Have you ever been part of a meeting where everyone comes out feeling good about the way forward? If you haven’t, we don’t blame you. From pitch presentations to negotiations, boardrooms across the world are famous for the pace, or lack of it, within those spaces. But, if you pause to think about it, do people get into meetings with the specific intent of being unproductive? No! Yet...
And yet, that’s what happens when different people have different expectations from a given professional situation. The same goes for team projects as well. Even if you brief the entire team in the same room at the same time, what each person takes away is likely to be radically different from the person seated next to them.
Lost in translation is literally the case, and if you think that’s the only issue, the ramifications of poor communication run far and wide. For one, because different people ‘see’ different things in the same context, they do not trust each other or themselves to be able to process a situation accurately. Every time there’s room for conflict, people are likely to want to find fault with the teammate who ‘didn’t understand what was specified.’
As Leo Tolstoy once said, and we modified for relevance, “Happy teams are all alike; every unhappy team is unhappy in its own way” and it is safe to say that trust issues have a huge role to play in eroding even those teams that start out being exceptionally good and efficient.
The Case For Trust As The Foundation Of Great Teams
When you trust someone, you rely on them to successfully accomplish something for you. In a personal relationship, this may be anything from the need for company to protecting your deepest secrets. Interestingly, it isn’t so different in a professional setting either. We’ve heard enough and more about not displaying weakness particularly at the workplace, but what is a great team if not shared competencies and vulnerabilities?
A great team understands that no individual is perfect and yet, they bring the best of themselves to the table. A poor team, on the other hand, uses these weaknesses as excuses to perform poorly. When in doubt, always be a wingman.
Research also shows that without trust, there is far less scope for creativity and innovation to flourish. Ask any good advertising agency how many copies of an ad they had to write before they got the right one, and the answer is reflective of how many iterations even a seemingly good idea needs to go through before taking off. Where team members don’t trust each other, they open up far lesser, propose fewer ideas for fear of being deemed stupid, ask less questions and generally prefer to do their job while ruffling as few feathers as possible.
But in a team that trusts, each stakeholder is willing, eager even, to open up and share their concerns as freely as they share their ideas.
How do you build trust in a team? Here are a few ways.
Ways To Build Trust In A Team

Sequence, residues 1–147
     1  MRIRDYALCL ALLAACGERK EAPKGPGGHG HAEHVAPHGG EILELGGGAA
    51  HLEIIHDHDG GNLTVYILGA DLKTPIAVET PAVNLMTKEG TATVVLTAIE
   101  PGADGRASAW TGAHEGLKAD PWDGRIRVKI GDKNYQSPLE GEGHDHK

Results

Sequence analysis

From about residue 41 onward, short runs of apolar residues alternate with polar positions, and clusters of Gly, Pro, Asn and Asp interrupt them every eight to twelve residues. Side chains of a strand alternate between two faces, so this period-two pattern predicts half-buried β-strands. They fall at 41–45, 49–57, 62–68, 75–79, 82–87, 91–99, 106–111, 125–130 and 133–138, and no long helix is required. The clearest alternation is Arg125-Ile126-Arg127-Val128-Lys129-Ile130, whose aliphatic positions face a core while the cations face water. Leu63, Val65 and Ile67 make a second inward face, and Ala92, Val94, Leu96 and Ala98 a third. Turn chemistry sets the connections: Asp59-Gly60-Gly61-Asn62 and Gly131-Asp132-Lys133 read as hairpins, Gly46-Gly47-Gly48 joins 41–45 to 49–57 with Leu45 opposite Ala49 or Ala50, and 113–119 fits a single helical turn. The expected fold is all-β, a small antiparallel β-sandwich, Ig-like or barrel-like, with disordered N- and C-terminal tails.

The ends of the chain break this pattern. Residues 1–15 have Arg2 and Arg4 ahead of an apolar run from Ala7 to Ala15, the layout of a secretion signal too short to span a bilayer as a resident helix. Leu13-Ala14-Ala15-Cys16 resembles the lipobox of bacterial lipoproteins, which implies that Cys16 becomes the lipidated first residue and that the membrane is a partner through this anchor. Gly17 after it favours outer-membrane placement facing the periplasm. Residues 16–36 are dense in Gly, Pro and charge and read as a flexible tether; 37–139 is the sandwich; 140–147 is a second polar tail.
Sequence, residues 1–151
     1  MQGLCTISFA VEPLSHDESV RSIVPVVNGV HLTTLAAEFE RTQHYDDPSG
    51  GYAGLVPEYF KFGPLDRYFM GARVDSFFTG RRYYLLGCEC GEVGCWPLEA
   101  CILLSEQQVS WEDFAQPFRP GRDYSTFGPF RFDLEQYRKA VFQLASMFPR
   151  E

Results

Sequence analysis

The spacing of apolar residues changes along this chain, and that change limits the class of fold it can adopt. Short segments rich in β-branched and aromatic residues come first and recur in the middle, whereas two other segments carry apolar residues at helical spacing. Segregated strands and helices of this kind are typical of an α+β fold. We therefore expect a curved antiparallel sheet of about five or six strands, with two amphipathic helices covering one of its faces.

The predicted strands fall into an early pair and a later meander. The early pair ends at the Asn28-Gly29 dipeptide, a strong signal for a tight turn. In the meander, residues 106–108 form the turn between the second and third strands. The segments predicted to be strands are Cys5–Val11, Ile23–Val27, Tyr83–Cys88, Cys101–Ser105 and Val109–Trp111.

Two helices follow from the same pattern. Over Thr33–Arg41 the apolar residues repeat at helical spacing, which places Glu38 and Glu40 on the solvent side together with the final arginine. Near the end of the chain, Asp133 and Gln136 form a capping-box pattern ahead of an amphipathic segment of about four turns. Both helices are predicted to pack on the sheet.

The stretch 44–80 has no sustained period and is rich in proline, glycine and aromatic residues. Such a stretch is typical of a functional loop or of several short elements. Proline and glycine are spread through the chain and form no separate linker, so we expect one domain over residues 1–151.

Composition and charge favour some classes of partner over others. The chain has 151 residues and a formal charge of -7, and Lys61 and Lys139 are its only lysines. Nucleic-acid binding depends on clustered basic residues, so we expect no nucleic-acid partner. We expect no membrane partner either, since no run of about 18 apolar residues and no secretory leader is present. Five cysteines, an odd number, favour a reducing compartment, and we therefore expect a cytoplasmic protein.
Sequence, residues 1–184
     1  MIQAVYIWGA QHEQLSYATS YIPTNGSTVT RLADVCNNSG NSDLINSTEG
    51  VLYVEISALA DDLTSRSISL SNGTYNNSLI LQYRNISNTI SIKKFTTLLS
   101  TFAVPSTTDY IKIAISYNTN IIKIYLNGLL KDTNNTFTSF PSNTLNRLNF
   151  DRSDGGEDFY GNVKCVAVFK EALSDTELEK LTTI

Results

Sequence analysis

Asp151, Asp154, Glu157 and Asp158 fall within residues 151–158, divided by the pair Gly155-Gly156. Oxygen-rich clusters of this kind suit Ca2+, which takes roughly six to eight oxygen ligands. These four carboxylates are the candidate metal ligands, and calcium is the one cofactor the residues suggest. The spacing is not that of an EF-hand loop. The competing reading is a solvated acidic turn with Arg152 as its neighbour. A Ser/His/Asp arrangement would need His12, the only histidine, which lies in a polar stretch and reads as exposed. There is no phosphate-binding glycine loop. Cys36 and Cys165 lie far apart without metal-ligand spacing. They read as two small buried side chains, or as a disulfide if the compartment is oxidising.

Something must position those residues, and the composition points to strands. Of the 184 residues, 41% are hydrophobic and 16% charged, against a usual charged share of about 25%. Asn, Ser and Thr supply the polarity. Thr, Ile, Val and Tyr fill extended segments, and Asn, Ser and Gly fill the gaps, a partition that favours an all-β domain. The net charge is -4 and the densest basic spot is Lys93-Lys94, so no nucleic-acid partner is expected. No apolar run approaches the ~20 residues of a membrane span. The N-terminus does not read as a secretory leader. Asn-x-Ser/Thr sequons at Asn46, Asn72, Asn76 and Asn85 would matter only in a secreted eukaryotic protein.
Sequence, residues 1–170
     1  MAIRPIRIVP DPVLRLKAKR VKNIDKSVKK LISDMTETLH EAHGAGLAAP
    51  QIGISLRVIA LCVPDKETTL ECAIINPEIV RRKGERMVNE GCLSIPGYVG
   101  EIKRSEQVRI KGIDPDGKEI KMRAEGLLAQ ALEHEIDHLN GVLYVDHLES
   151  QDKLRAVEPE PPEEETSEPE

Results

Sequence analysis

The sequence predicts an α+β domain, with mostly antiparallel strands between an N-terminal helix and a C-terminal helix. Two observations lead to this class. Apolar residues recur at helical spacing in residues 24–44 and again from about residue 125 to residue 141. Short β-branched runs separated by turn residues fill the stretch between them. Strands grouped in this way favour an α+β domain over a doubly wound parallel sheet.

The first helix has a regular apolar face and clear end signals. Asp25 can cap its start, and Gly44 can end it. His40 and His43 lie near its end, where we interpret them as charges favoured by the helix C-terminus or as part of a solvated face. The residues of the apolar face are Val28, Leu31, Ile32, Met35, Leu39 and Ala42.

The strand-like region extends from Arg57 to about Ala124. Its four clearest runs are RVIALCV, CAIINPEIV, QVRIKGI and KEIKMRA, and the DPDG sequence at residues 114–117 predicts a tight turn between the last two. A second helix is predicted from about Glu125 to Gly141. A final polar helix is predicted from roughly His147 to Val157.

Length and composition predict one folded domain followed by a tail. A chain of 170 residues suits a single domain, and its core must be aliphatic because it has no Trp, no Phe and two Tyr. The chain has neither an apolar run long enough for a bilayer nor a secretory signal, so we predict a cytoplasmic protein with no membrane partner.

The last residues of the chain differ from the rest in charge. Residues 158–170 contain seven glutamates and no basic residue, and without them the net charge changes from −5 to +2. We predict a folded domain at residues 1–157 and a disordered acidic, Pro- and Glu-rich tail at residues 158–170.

As a leader or a manager, the onus is on you to move away from pure-play execution and into a position of influence. Here are some ways by which you can build trust within your team or organisation.
1. Start By Demonstrating Trust:
One commonly overused tactic in conversations at the workplace is pitting two parties with different interests but the same objective against each other. It is tempting to take one side over another and communicate accordingly. As a good first step, managers need to drop that approach.
2. Communicate Freely, And Meet When Required:
Not all teams work out of the same location today, which means that not everyone can meet often. Indeed, unless there is a specific agenda in mind, we recommend not meeting at all! However, in order to make up for the lack of face time, set the precedent of emailing clearly with goals and objectives, messaging concisely and keeping your phone calls to the point.
3. Get Out!
Of the workplace, that is. Of all the team building exercises that work, a team lunch is the most potent one. Who doesn’t love food? Even otherwise, it is worthwhile to get to know team interests and step out for a movie or after-work activities on a designated day every week.
4. Share The Blame
No one in a team fails independently. Hard as it might be to believe that, it is one hundred percent true. The failure may be apparent on one end, but it has happened due to everyone, including probably yourself. Use failures as a way to evaluate what went wrong as opposed to making them a witch hunt.
5. Put Them In Front Of The Client:
There’s nothing that bonds people as well as facing a common opportunity. Client roles are often limited to sales and account management, but everyone from operations to R&D can benefit from meeting and interacting with the client. This also helps them see things from each other’s perspective.
6. Get Trained:
Not all of us are born building teams, and very few of us have the skills to navigate teams at a workplace. There is nothing wrong with that! Instead, successful team building skills are a way for managers to rise further up in the organisation, and skills like these are proof that you are ready to move from being a doer to a thinker. Team building workshops can help immensely since they come with a trained facilitator who is also a neutral third party.
What do you think is the biggest issue with a team you know? What role does trust play in it? Tell us in the comments.